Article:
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What's this Mean?


There is a lot of jargon and terminology in special education. The Minnesota DeafBlind Project education specialist and family engagement coordinator are available to help support parents understanding. We hope to connect with you.

PACER Center has many resources for parents and families, including those with children who are deafblind.

If your child was identified as a baby or toddler with a disability and is now turning three years old, this resource might be helpful: What's the difference between an IFSP and IEP?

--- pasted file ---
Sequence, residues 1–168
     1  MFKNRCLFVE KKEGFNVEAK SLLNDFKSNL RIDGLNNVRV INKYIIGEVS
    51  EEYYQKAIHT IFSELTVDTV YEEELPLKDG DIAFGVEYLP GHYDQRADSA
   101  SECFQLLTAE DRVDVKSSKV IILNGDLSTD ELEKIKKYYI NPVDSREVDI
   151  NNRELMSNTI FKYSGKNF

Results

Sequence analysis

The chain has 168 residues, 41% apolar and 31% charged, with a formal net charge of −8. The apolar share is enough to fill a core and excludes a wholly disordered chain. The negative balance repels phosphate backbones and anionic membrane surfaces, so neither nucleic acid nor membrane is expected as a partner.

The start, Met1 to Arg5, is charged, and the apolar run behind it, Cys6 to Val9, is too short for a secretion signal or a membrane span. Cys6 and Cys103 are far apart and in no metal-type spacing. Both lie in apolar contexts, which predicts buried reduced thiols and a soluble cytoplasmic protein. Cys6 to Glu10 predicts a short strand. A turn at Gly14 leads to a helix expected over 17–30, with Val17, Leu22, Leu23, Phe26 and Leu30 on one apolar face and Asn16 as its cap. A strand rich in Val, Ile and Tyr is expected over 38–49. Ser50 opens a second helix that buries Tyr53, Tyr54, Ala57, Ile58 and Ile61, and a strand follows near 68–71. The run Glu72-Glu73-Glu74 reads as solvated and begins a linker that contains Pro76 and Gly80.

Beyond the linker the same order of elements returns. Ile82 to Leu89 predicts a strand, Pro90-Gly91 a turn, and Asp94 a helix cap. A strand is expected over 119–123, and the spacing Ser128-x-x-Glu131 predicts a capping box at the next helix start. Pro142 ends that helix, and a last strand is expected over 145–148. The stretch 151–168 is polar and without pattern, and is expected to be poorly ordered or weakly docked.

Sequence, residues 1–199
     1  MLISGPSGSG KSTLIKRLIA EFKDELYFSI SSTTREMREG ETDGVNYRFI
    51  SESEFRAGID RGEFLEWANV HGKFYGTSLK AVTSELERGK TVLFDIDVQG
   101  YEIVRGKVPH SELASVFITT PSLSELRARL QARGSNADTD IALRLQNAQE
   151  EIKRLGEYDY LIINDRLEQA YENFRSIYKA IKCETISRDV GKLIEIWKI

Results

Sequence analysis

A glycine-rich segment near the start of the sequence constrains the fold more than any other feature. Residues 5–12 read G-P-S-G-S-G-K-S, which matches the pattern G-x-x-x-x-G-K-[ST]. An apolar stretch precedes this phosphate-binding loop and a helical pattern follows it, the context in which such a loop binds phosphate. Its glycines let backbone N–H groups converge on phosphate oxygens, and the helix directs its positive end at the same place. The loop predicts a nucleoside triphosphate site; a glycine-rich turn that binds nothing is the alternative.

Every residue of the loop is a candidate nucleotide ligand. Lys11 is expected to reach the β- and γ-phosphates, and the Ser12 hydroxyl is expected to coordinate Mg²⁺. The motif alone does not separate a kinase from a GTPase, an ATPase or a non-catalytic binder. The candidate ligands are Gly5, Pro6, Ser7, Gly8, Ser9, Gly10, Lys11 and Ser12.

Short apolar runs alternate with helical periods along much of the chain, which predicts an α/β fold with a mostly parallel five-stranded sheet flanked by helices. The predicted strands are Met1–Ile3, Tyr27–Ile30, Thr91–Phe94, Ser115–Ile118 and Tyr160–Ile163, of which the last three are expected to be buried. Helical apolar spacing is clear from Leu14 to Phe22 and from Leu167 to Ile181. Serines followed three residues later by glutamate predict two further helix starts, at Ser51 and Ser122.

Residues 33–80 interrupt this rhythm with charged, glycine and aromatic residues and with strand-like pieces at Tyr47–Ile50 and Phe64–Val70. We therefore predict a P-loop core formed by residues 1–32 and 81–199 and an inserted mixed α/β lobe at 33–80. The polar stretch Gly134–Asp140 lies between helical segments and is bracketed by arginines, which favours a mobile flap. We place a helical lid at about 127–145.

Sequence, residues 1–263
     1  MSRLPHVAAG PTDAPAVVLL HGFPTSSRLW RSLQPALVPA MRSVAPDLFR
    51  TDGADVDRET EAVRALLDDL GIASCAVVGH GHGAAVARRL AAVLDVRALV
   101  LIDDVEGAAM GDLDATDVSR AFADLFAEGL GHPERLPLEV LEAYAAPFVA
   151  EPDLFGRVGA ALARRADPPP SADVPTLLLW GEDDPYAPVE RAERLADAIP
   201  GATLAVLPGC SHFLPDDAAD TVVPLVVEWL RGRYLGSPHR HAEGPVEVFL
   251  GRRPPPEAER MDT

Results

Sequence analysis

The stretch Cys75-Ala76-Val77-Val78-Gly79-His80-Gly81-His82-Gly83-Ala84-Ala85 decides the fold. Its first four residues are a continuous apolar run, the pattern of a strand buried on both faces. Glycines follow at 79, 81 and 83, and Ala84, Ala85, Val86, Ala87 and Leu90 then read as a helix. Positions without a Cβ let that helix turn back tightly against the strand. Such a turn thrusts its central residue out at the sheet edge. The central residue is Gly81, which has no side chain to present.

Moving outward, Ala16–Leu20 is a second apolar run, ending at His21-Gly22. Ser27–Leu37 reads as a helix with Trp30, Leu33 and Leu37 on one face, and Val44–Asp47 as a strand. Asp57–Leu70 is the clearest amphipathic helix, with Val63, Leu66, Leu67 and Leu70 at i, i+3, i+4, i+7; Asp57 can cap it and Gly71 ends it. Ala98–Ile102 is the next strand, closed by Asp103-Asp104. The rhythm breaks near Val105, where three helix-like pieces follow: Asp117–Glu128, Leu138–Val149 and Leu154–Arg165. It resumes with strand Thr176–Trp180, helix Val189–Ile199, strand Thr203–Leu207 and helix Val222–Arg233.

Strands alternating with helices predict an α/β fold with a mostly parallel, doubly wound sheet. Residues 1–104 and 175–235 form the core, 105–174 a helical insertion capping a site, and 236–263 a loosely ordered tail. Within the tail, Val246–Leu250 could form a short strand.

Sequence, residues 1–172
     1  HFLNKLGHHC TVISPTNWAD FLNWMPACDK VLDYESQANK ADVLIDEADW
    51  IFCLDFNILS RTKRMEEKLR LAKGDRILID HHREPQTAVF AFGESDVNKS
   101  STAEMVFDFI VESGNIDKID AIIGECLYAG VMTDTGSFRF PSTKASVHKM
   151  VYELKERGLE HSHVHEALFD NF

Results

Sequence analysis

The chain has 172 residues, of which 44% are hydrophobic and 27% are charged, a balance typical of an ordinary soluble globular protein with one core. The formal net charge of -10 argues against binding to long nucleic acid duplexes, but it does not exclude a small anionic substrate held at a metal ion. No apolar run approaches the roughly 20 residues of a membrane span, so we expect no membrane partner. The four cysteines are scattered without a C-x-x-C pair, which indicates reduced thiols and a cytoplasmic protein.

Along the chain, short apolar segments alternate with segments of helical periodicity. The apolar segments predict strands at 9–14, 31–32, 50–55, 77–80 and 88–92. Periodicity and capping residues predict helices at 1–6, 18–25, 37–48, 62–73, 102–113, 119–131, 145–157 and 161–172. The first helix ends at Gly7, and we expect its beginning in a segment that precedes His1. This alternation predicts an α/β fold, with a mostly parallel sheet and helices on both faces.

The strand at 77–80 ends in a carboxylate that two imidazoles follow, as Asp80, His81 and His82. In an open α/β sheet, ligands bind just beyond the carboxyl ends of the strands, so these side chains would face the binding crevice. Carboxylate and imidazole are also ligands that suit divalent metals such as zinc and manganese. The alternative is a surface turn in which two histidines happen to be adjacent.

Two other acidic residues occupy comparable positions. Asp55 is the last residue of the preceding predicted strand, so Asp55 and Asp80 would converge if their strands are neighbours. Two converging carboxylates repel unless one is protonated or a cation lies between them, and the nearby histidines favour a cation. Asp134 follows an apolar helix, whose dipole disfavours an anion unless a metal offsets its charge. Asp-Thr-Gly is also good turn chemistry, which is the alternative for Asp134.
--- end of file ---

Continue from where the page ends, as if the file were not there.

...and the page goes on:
Since approximately 80% of children with combined hearing and vision loss have additional disabilities, sometimes teams do not recognize the impact of having both a hearing and vision loss at the same time. Current child count information indicates the majority of children who are deafblind are identified in their school years.

A Guide to the Individualized Education Program (IEP) is a wonderful resource from PACER Center. For more deafblind-specific information in regards to the IEP, you may find this link helpful: Developing an Effective IEP for Children with Deaf-Blindness: A Parent Mini-Guide

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